The last I heard, Ahmanidejad was the president of a large country which had lots and lots of oil. Said country may also be the target of another (illegal, unnecessary, etc.) war from George W. Bush and friends. That makes it imperative to listen to anything he has to say when he visits this country. And that made the event at Columbia a vitally important one.

    Irving, otoh, is a nobody whose “scholarship” has been decisively discredited in a court of law – during a libel lawsuit of his own instigation and which he lost. He has been caught numerous other times lying through his teeth, all in the service of excusing Nazi crimes. He also is a serial dissembler. He is, furthermore, a known associate of neo-Nazis and other anti-Semites. There is nothing to be gained, outside of a class in psychopathology, by inviting him to speak.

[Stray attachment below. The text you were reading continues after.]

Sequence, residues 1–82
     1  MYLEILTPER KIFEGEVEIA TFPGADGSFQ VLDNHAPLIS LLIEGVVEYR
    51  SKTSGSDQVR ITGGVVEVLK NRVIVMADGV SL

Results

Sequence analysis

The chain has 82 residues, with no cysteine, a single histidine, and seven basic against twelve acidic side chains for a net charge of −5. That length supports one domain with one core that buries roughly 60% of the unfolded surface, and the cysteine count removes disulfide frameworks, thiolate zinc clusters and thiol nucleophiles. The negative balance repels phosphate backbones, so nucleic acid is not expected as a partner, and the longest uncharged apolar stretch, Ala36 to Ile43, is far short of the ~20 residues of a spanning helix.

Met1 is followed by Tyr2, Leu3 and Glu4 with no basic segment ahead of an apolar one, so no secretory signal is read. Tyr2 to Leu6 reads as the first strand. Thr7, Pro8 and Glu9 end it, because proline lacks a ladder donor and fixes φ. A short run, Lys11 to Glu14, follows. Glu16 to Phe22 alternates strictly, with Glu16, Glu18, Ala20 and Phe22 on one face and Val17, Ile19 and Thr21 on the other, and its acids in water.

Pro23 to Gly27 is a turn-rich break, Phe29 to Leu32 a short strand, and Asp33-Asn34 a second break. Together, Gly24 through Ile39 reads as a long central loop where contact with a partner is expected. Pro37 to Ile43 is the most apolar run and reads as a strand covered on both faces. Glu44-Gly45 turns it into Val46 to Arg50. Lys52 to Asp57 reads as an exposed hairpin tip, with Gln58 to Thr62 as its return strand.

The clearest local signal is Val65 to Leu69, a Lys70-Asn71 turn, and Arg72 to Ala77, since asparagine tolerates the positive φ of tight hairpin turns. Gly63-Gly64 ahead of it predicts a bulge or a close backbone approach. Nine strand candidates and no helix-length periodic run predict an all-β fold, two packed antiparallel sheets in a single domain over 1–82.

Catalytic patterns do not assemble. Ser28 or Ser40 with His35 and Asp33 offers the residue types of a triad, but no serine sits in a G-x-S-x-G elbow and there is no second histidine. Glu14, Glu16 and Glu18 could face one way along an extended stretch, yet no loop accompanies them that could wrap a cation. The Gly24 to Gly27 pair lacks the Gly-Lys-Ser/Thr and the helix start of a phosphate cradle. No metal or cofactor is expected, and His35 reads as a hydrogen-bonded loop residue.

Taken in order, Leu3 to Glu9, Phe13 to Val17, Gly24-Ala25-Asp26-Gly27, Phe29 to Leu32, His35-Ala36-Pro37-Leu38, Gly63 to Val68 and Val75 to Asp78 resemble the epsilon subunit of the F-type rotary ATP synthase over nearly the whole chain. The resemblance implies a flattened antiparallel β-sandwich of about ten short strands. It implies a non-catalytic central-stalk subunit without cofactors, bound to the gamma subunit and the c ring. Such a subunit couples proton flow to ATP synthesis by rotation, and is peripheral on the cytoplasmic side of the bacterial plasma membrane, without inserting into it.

The moment Ahmanidejad is out of office he becomes as unimportant as Irving. Until then, you may not like what he says – I certainly loathe it – but any university community is acting entirely appropriately by inviting him onto campus to give a lecture. Irving, on the other hand, has no business being anywhere near a university.

    The issue with Ahmanidejad was not a free speech issue, but simple common sense. When powerful people speak, it is vitally important that a university community have the opportunity to listen. Even if they are racist, odious and obnoxious? Especially if they are racist, odious and obnoxious. For reasons that should be obvious but here’s one: More knowledge of a potential foe can only lead to more effective confrontation so that they can join Irving in loser obscurity.

New comments have been temporarily disabled. Please check back soon.